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Open Season On NHL Goalies

November 14, 2011 - Matt Spielman
It was bound to happen eventually, and Saturday night in Boston it finally did. At the 13:12 mark of the first period, Buffalo's franchise goaltender Ryan Miller left his crease to play a loose puck before Bruins forward Milan Lucic could reach it. Lucic, clearly beaten to the puck, didn't peel off and continue playing the game the right way like any classy National Hockey League player would do. Instead, he decided it would be a good idea to run Miller with what seemed to be the clear intent of injuring the former Vezina Trophy winner.

"(Lucic has) 50 pounds on me and he runs me like that? It's unbelievable," Miller said after Saturday's loss. "Everyone in this city sees him as a big tough solid player. I respected him for how hard he played. That was gutless."

NHL discipline czar Brendan Shanahan came out Monday saying Lucic's hit deserved nothing more than the two-minute charging penalty it was assessed. "The minor penalty called on the ice was the correct call," Shanahan said. "And, while it's unfortunate that Miller was hurt I saw nothing egregious about this hit that would elevate it to supplemental discipline."

Agree with the lack of discipline or not, fans and media who follow the Sabres could see this coming for years. The cry has always been: "the Sabres need to get tougher." I, for one, didn't always buy it. What did that even mean? Throw a bunch of guys out there to drop their gloves, get a bunch of penalties and give up a bunch of power-play opportunities. Miller has been hit before and seemingly nothing has been done. Scott Gomez hit him behind the net a couple of years ago, was given a couple of love taps from the Sabres, and let go on his merry way. Opposing players crash the crease night after night knowing: 1), it is one of a few ways to get into Miller's head to get him off of his game; and 2) nobody on the Sabres will do anything about it. Andrej Sekera, Tyler Myers, Thomas Vanek, Paul Gaustad and even captain Jason Pominville were on the ice when Miller was drilled, but nobody gave Lucic anything more than a bit of a glove wash to the face for his actions. This is unacceptable for a core group of players that has been together for as long as the Sabres have been.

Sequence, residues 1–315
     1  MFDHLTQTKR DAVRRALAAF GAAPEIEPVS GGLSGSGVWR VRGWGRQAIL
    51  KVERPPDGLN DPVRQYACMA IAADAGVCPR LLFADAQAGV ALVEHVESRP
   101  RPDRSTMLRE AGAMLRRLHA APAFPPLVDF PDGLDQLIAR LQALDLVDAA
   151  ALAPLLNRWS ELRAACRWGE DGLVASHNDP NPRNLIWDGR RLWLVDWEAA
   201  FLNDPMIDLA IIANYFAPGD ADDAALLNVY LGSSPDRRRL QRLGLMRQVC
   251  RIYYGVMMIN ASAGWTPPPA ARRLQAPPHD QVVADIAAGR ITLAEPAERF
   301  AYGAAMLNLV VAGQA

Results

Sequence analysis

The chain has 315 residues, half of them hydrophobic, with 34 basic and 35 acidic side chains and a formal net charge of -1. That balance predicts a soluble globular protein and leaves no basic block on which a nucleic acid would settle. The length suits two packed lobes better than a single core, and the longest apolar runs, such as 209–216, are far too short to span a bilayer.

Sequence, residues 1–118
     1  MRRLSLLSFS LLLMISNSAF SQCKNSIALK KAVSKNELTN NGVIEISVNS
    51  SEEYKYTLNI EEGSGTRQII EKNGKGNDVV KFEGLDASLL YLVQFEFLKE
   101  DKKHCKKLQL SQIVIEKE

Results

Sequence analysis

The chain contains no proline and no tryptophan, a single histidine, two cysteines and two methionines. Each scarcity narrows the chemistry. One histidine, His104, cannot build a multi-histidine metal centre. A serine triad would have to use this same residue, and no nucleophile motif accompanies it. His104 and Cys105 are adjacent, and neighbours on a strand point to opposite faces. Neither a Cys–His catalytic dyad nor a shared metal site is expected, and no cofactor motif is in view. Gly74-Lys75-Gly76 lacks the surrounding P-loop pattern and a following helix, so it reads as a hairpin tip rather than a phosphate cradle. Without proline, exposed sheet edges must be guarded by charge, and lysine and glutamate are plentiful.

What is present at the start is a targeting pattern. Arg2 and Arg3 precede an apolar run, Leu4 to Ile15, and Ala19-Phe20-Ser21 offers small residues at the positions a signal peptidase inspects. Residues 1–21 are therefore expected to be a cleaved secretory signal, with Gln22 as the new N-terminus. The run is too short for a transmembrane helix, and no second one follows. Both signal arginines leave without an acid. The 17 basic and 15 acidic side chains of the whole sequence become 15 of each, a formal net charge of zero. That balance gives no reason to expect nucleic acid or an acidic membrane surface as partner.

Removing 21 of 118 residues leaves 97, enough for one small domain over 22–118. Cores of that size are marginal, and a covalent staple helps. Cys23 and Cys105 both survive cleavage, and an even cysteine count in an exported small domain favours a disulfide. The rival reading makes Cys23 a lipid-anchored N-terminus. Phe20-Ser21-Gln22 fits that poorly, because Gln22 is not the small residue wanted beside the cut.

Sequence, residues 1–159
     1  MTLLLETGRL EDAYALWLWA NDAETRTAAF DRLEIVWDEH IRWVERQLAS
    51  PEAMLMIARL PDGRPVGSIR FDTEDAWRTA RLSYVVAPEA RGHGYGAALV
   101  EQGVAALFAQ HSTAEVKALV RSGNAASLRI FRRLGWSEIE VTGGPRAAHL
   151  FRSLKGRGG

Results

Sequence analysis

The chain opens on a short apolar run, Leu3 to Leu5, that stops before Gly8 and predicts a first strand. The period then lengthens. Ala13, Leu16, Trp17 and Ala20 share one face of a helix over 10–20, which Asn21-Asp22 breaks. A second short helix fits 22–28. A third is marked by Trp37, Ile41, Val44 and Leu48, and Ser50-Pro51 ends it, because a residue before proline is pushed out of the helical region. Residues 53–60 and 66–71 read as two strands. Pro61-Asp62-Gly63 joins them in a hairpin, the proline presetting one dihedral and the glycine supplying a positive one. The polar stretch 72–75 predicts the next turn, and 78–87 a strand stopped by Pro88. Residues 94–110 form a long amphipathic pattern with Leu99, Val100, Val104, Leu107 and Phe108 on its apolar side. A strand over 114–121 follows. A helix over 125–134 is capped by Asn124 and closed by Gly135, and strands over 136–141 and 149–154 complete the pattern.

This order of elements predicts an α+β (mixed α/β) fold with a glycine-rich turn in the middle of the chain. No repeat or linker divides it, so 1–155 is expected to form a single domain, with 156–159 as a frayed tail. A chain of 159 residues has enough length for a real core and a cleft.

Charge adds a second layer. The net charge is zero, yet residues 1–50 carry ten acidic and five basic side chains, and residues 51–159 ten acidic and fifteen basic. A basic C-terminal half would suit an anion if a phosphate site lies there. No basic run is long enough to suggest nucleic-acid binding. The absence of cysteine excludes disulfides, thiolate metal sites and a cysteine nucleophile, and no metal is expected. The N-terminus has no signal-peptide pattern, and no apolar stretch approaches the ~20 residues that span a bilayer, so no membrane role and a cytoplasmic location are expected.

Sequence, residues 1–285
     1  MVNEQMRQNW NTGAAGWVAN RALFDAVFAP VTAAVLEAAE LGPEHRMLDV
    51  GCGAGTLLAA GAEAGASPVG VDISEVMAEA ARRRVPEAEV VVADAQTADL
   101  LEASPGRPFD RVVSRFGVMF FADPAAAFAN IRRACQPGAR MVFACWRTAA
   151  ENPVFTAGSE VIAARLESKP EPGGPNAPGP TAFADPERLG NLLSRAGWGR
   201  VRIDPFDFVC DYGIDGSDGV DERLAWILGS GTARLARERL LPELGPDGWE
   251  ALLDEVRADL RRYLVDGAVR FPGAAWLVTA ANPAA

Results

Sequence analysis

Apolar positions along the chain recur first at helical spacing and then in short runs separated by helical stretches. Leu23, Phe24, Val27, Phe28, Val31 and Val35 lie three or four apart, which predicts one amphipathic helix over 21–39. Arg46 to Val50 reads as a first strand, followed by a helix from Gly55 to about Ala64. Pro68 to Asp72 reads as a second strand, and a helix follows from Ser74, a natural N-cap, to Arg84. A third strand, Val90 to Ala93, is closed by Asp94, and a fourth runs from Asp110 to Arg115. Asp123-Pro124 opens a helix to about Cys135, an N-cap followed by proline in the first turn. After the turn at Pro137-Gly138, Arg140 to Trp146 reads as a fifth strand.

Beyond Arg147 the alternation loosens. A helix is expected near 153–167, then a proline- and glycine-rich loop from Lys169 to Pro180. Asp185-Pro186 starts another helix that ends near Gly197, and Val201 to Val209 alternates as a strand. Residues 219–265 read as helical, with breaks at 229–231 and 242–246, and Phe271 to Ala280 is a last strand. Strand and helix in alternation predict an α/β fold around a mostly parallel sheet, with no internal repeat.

Lindy Ruff sounded like he knew what needed to be done Saturday night with his comments following the game. "I thought it was a major," Ruff said. "I thought if it was open season on goalies then let's get at it." But nothing was done to Lucic, Bruins goalie Tim Thomas or anybody on the Boston bench for that matter.

Ruff slapped a letter on Gaustad's chest this summer because he's a big guy who plays the game hard, but rarely does Gaustad send much of a physical message anymore. Cody McCormick drops the gloves pretty often, but he seems to do it for the show, not for the message. Patrick Kaleta talks the talk, but rarely if ever walks the walk. Robyn Regehr was traded for in the offseason to add a rugged, physical presence to the blueline but that has also yet to be seen.

A few years ago Ottawa's Chris Neil hit Sabres captain Chris Drury setting off a memorable brawl at then-HSBC Arena. Following the hit, Ruff threw out a line of players who knew what needed to be done and they did it. That moment brought the team together and helped set up a magical playoff run that didn't end until the Eastern Conference finals.

There are a couple of new faces on this year's Sabres squad that could probably use a nice bonding moment like Saturday night's unfortunate hit to show them what it means to be a member of the 2011-12 Buffalo Sabres. Miller suffered a concussion and the Sabres are not sure if he will be out long term or not. Fans have wavered due to Miller's lackluster play recently, but the Sabres will only go as far as Miller takes them this year — they need him healthy.

Boston will visit Buffalo the night before Thanksgiving and hopefully Buffalo makes Lucic the new Neil and the Bruins become the new Senators. I'm not one to condone an-eye-for-an-eye justice, but if the league isn't going to do anything to protect its star players not named Sidney Crosby, individual teams will have to.

 
 

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Blog Photos

Players from the Boston Bruins, including Johnny Boychuk (55) and Zdeno Chara (33), scuffle with the Buffalo Sabres as Sabres goalie Ryan Miller (30) gets up after coming out of the net and being decked by the Bruins' Milan Lucic on a breakaway in the first period in Boston, Saturday, Nov. 12, 2011. Lucic was called for charging. The Bruins won 6-2. AP photo